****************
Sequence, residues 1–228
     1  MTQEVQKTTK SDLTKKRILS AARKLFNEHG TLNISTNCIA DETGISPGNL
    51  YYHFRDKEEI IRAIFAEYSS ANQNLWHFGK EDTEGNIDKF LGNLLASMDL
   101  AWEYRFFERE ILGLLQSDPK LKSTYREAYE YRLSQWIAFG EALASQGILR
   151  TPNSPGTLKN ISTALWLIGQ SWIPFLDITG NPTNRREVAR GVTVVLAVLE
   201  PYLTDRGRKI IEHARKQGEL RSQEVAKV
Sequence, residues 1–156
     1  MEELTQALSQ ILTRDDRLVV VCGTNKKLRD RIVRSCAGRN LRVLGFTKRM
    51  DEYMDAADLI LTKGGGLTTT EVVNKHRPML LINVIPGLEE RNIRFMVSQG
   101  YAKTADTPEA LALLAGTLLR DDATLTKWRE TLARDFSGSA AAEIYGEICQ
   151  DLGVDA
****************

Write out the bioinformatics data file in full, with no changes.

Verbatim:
Sequence, residues 1–228
     1  MTQEVQKTTK SDLTKKRILS AARKLFNEHG TLNISTNCIA DETGISPGNL
    51  YYHFRDKEEI IRAIFAEYSS ANQNLWHFGK EDTEGNIDKF LGNLLASMDL
   101  AWEYRFFERE ILGLLQSDPK LKSTYREAYE YRLSQWIAFG EALASQGILR
   151  TPNSPGTLKN ISTALWLIGQ SWIPFLDITG NPTNRREVAR GVTVVLAVLE
   201  PYLTDRGRKI IEHARKQGEL RSQEVAKV
Sequence, residues 1–156
     1  MEELTQALSQ ILTRDDRLVV VCGTNKKLRD RIVRSCAGRN LRVLGFTKRM
    51  DEYMDAADLI LTKGGGLTTT EVVNKHRPML LINVIPGLEE RNIRFMVSQG
   101  YAKTADTPEA LALLAGTLLR DDATLTKWRE TLARDFSGSA AAEIYGEICQ
   151  DLGVDA